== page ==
The city will soon be linked up by a new Shinkansen route along this stretch of the Hokuriku coast and is well worth a visit, with many old buildings and temples (such as the Soto Shu Otera with the figures wearing Rakusu) unscathed by history. The coffee shop we visited nearby the gallery, Irodori Kissaten (Marunouchi 5), serving the delicious chocolate cake, is in a superb refurbishment of an old house.
I’m really looking forward to exhibiting some drawings at the Factory Hanbunko Gallery in Takaoka, Japan, in November this year. The city is near the Japan Sea in a beautiful area of northern Japan. Looks like a interesting gallery space in a fantastic refurbished old building with contrasting interior whites and blacks and dark wooden beams. Thanks to the friendly gallery team there – I will be showing new drawings from recent projects. Look out for more info to follow.
6 to 13th Novemeber 2013
Factory HAN BUN KO (はんぶんこ)
I’ve been asked to participate in a Glasgow School of Art Alumni show at Scotland Art Gallery in Bath Street (Glasgow City Centre). One of my darker pieces, ‘Box Two’, a three foot square painting, oil on canvas, will be exhibited. The gallery is in the city centre not far from the art school itself, and the show runs from the 6th June to the end of the month.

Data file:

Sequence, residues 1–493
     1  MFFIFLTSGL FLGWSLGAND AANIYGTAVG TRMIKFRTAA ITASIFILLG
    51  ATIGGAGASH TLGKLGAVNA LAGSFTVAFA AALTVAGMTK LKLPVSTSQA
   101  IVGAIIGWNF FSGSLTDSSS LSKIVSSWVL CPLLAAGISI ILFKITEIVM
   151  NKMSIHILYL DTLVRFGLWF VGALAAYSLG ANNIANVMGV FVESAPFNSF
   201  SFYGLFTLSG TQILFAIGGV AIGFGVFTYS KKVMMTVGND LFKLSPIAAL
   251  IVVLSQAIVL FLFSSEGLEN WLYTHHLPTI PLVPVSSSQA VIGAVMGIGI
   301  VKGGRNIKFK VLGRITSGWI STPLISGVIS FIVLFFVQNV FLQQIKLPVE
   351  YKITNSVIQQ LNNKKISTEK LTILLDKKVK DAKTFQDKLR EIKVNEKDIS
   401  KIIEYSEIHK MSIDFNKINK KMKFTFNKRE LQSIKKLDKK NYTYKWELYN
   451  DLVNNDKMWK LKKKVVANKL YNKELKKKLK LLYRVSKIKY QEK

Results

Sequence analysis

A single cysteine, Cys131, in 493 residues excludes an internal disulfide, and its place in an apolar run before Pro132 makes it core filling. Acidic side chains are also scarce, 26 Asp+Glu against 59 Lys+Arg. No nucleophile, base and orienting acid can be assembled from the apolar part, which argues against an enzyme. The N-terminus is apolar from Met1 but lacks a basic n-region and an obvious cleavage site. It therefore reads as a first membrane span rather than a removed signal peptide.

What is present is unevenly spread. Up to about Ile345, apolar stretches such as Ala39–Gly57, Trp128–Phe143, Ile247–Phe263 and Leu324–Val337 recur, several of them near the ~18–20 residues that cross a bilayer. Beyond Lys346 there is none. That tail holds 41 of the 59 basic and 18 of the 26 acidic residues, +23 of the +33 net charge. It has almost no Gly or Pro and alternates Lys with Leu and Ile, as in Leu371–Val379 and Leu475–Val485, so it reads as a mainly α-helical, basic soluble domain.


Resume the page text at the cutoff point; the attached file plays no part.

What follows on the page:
My friend Nicola Prosser is organising this exhibition, if you would like to submit work. It sounds like an open and very worthwhile show to be involved in.
6×4” is an exhibition that will explore the postcard as a distinctive artistic medium in its own right. Artist-designed postcards are small, intimate, unique pieces to be either distributed or collected by individuals.
Artists’ postcards, however, are not only about creating images on a blank canvas. It is also about the artists’ interaction with existing postcards, manipulating imagery by collaging found materials, drawing, painting or cutting into the surface. The exhibition, 6×4”, provides an opportunity to explore the potential of the this form through artist-designed or artist-manipulated postcards.
Images can employ any technique and can be drawn, typographic, photographic, printed onto, or manipulated. They can be landscape or portrait, address any subject matter from conceptual to humorous and can be singular or part of a series. The only restriction is the image must fit within postcard dimensions.
The exhibition is just about exploring and enjoying the format and having a bit of fun with it.
Jeremy Cooper – Aritsts’ Postcards: A compendium . Reaktion Books. (2012)
NSEW Press. – http://www.nsewpress.com/
OPEN CALL ///
You are invited to submit a postcard sized artwork to be included in the exhibition 6 x 4”.
This is a project by Nicola Prosser, a member of Exhibitions at DJCAD’s Student Curatorial Team.
The Install will begin on the 11th of March in the Cooper Gallery Project Space in DJCAD in Dundee. You are welcome to submit.
MORE INFO AND TO SUBMIT///
Please contact : email@example.com to register interest